For those over the age of 50, the catch-up provisions of retirement plans have added anywhere from $1,000-$6,500 in extra retirement-savable dollars. However, this now comes with a catch. Those over the age of 50 with W2 wages greater than $145,000 can only make catch-up contributions into their Roth account. This means for someone with high enough income, they can contribute up to $22,500 into their 401(k) on a pre-tax basis, but to take advantage of the extra $7,500 of catch up contributions in 2023, they would have to make the last $7,500 in Roth contributions. And if the employer doesn’t offer a Roth option? Then catch-up contributions aren’t permitted at all. As the expression goes: “Don’t like it? Write your congressman.” But a more practical step might be bugging your employer to offer the Roth option in the retirement plan, as this adoption usually doesn’t cost the employer anything extra to offer.
529 to Roth Conversions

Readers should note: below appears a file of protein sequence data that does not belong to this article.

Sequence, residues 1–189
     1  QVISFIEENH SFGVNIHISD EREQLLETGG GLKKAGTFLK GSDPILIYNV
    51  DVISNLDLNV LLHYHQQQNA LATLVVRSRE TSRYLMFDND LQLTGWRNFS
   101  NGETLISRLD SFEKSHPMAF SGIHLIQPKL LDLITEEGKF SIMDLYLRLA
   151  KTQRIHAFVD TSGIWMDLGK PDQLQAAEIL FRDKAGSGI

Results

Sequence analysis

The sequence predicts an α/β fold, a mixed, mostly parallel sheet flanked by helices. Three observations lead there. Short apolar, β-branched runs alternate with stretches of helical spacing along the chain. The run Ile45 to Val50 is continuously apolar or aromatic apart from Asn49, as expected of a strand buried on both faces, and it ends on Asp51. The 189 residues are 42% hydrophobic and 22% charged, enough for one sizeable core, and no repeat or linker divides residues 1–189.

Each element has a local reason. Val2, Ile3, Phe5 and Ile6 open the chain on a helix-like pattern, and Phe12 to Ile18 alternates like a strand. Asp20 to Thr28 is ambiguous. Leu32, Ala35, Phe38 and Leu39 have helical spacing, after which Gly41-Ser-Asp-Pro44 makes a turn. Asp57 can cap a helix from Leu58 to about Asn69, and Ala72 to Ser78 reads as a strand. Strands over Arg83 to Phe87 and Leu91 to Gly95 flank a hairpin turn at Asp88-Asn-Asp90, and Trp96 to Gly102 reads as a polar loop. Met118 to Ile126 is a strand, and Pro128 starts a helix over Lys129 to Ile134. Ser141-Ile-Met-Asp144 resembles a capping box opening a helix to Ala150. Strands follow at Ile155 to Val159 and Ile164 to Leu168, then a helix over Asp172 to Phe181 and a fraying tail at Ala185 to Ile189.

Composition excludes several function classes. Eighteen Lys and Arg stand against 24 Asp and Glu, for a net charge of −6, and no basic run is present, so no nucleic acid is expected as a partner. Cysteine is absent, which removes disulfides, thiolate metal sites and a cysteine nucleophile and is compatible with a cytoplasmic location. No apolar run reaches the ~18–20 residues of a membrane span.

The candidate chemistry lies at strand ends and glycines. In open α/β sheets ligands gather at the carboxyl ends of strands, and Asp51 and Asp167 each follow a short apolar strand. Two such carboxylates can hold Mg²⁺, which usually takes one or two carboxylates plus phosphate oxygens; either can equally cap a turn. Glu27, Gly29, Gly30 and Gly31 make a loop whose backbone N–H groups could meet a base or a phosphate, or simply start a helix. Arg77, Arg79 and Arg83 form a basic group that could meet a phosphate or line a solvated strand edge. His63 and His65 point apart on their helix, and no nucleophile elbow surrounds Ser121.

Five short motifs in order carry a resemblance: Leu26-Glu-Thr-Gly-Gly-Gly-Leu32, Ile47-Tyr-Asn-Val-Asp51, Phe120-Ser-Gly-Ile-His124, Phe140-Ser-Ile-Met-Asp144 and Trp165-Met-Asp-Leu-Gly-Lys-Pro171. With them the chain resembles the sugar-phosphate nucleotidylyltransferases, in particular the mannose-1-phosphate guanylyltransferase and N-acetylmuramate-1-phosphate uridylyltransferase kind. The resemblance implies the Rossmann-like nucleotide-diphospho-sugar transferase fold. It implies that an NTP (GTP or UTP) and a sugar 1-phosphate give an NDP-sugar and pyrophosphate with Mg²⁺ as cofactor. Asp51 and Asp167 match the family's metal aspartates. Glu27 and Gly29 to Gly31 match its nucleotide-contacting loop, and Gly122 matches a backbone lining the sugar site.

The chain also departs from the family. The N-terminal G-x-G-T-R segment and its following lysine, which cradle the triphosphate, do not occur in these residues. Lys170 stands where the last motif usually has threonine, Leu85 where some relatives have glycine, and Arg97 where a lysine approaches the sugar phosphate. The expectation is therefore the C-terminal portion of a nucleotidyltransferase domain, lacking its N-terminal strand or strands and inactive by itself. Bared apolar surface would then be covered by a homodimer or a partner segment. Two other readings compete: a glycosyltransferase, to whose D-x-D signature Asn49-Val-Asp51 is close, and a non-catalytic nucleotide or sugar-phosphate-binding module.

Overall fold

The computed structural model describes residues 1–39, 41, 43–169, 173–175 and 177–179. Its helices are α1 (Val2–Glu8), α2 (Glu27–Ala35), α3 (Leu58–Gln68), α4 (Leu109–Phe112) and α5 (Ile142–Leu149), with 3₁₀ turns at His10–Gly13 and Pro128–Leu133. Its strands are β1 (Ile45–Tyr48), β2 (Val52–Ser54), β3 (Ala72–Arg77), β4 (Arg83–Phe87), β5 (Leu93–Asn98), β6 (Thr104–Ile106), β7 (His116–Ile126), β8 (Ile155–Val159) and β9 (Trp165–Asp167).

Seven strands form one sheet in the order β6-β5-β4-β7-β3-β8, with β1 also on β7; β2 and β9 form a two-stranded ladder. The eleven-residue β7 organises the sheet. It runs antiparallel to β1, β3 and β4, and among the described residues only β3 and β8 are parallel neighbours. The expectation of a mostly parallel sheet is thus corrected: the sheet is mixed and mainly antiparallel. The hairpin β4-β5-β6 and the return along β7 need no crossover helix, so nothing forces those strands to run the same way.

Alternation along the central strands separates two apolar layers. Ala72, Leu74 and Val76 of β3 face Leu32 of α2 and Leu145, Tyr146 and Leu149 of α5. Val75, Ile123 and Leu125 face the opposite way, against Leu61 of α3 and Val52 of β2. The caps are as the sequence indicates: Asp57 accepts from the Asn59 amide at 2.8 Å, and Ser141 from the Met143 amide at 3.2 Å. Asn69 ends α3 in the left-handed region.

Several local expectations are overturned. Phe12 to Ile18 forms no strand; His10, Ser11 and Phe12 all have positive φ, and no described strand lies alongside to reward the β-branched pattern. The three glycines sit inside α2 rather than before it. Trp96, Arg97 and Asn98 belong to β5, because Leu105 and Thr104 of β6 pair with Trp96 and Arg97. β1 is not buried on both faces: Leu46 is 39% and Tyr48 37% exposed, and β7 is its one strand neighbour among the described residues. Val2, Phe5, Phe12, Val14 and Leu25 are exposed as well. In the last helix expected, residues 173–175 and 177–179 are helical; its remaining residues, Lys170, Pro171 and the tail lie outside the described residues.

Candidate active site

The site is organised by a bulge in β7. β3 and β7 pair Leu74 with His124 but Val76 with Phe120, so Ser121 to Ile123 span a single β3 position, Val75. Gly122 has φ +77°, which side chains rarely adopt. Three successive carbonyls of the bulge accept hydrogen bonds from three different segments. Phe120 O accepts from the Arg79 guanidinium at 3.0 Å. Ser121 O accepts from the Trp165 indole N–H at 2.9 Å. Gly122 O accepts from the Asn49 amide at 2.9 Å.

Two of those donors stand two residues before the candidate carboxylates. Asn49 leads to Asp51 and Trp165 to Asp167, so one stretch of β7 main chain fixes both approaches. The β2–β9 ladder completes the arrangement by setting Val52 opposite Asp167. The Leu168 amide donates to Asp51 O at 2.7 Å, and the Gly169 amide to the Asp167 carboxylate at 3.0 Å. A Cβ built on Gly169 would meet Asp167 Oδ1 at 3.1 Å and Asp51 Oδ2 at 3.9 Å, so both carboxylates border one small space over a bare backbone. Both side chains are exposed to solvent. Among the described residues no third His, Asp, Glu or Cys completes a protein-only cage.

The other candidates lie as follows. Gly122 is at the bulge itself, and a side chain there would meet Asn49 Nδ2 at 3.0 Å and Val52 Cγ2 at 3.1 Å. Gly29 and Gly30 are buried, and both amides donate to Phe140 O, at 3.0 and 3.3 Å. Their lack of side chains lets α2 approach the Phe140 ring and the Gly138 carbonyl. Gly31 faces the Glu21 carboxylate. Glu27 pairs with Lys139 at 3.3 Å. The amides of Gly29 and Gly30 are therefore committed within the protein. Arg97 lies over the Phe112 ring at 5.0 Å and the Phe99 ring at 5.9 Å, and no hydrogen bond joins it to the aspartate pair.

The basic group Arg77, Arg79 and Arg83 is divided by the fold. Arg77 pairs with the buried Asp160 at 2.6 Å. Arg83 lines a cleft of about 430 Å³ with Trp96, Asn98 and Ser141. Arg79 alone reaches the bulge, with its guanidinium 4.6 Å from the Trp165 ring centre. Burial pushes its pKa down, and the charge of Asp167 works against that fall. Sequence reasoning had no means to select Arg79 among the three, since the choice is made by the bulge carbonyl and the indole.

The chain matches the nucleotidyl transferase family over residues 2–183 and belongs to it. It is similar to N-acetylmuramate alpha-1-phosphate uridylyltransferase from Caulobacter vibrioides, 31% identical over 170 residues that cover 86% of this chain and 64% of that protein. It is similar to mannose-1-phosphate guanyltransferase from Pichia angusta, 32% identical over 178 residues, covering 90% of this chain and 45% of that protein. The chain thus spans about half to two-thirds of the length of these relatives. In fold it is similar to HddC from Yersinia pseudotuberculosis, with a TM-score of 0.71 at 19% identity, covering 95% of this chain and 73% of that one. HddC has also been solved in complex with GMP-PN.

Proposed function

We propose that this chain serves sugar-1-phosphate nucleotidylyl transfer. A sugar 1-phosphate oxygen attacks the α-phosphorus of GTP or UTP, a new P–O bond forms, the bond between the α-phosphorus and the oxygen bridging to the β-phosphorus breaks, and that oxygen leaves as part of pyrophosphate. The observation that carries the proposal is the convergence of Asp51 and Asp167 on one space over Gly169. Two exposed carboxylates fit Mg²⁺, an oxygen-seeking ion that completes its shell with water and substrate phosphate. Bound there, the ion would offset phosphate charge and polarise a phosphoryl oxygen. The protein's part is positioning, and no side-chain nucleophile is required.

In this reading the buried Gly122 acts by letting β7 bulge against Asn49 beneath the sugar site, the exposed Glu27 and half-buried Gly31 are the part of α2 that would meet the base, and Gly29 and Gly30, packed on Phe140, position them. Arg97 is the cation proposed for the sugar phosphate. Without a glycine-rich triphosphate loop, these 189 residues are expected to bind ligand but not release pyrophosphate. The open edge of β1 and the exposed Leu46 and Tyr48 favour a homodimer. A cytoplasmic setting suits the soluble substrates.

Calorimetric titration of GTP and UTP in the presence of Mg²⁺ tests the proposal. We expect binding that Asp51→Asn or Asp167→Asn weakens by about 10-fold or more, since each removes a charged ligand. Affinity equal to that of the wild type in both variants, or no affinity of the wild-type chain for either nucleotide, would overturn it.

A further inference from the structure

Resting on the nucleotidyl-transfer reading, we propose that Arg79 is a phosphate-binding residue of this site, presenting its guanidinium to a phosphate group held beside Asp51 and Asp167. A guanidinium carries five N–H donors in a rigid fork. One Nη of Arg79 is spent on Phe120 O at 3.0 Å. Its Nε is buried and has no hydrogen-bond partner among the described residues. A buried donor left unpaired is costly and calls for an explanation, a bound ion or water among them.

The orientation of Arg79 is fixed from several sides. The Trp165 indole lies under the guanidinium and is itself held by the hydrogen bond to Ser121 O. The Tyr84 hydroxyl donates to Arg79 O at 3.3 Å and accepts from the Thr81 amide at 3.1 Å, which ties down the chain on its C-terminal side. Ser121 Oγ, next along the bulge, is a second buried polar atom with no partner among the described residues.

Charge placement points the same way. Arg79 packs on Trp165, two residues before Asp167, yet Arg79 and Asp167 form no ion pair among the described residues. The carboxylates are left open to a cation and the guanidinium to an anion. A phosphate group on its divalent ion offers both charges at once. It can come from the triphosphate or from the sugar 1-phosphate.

A common question I get as a financial planner is “What if my kids don’t go to college? What happens to the 529 plan?” Well, the Secure Act 2.0 has come out with a solution to that problem. 529 plan funds can now be rolled into a Roth IRA for the benefit of the child. However, it comes with some significant catches and requirements: The plan must have existed for at least 15 years, contributions from the past 5 years are ineligible for conversion, conversions are capped at the Roth IRA contribution limit for the year and count as a Roth contribution for annual limit purposes, and the maximum lifetime conversion is $35k. All in all, it’s not a bad tool to use for leftover 529 funds and to help kids get a start on funding their retirement, but a “mega backdoor Roth funding strategy” it is not. It really just gives an out to parents with leftover 529 funds after their kids go to college (or never go to college.)